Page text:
A lighthouse on the edge of a cliff in the Azores

Azores: The North Atlantic Archipelago That’s 50 Shades of Green

Sharon McDonnell

Sharon McDonnell

January 16, 2024

9 min read

An archipelago of nine mostly rural islands in the North Atlantic, the Azores is a wonderland of volcanic landscapes, pink and blue hydrangeas, fruitful pineapple and tea plantations, and 50 shades of green pastures. It’s an autonomous region of Portugal located almost 900 miles west of the mainland (about a 2.5-hour flight from Lisbon and 5 hours from Boston), yet it has a much cooler climate and a distinct identity. 

The Azores is proud of its reputation as a sustainable, nature-packed destination. After all, it was named Europe’s Leading Adventure Travel Destination from 2020–2022. Top sights aren’t yet flooded by tourists and souvenir shops. There are tons of hiking trails and no big resorts. When you visit, just be sure to respect the land and all the natural beauty that comes with it.

Shaped by volcanoes

A caldera in the Azores

The islands of the Azores are really the tops of an underwater mountain range—the Mid-Atlantic Ridge—which separates the North American Plate from the Eurasian and African Plates. The Azores were formed some five million years ago when the plates buckled and molten rock escaped. Even today, volcanic influence is everywhere.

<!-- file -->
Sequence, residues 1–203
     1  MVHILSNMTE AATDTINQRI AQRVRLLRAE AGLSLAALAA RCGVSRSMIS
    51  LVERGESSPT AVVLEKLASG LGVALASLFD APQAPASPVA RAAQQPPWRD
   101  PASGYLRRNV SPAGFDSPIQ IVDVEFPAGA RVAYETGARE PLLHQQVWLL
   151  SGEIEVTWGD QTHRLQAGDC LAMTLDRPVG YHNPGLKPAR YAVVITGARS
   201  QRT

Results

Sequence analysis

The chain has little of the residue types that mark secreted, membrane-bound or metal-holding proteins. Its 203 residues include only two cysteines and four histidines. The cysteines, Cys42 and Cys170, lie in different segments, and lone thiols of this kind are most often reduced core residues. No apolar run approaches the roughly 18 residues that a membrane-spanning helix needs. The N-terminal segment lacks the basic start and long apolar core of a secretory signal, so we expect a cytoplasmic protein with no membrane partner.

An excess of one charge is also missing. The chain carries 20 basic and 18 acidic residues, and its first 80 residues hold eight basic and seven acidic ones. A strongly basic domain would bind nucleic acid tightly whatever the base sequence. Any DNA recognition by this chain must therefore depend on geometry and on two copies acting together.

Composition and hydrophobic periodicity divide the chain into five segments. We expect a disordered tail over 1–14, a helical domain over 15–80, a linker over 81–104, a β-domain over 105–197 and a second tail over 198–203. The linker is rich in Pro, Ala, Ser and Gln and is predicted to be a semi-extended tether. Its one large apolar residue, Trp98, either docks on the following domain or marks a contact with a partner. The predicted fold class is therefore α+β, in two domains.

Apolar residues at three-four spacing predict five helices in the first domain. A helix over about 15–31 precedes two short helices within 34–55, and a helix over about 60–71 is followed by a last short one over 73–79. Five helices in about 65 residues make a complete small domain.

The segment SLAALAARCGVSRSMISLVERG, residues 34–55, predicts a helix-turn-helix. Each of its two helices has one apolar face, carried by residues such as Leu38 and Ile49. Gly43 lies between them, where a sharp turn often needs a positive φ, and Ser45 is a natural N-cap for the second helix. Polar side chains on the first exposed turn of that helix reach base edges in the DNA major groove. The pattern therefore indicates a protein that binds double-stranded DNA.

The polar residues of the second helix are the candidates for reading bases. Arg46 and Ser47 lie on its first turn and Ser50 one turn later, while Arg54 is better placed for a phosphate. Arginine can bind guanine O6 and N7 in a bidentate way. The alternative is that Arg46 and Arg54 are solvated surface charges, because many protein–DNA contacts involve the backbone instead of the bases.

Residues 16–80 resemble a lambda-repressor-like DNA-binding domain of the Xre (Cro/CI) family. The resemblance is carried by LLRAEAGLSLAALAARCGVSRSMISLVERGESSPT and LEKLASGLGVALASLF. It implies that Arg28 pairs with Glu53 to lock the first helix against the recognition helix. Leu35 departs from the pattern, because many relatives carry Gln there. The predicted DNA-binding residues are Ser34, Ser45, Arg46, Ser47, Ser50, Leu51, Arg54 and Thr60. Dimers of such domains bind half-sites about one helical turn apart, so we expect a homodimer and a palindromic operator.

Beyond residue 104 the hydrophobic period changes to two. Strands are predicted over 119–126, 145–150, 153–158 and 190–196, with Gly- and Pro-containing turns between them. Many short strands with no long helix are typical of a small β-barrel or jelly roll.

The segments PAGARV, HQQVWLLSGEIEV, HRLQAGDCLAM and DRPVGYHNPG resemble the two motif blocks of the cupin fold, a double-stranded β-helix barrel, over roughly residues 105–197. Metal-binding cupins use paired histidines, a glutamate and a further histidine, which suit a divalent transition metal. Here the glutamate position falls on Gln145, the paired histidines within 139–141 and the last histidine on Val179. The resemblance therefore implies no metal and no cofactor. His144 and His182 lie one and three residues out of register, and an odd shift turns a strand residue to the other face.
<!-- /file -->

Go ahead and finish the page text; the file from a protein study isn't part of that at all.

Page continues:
On the biggest island, São Miguel, at Lagoa das Sete Cidades, you’ll find twin lakes in a collapsed volcano crater. One lake is turquoise and the other is bottle-green, and they’re separated by a thin strip of land and surrounded by 1,000-foot cliffs that you can hike around. (Legend has it the lakes were formed from the tears shed by a pair of doomed lovers, a blue-eyed princess and her green-eyed shepherd beau.) In Furnas, São Miguel’s area of highly concentrated hot springs, you’ll find thermal pools and the local specialty, cozido das Furnas, a meat-and-vegetable stew cooked underground by volcanic steam. 

And on the island of Faial, a volcanic eruption that took place from 1957–1958 left a barren landscape that looks like the moon. A museum next to it, Capelinhos Volcano Interpretation Centre, delves into how the Azores were formed. 

Take your pick

A small community on the coast in the Azores

Each island offers a distinct experience; it’s best to do your research before traveling so you pick the perfect island (or islands) for your trip. The Azores is composed of three island groups—eastern, central, and western. 

São Miguel is part of the eastern group and has the Azores’ largest city, Ponta Delgada; it packs the biggest punch since most scenic highlights of the archipelago are here on the “Green Island.” Santa Maria, also part of the eastern group, has white-sand beaches, rather than the Azores’ typical black volcanic sand beaches.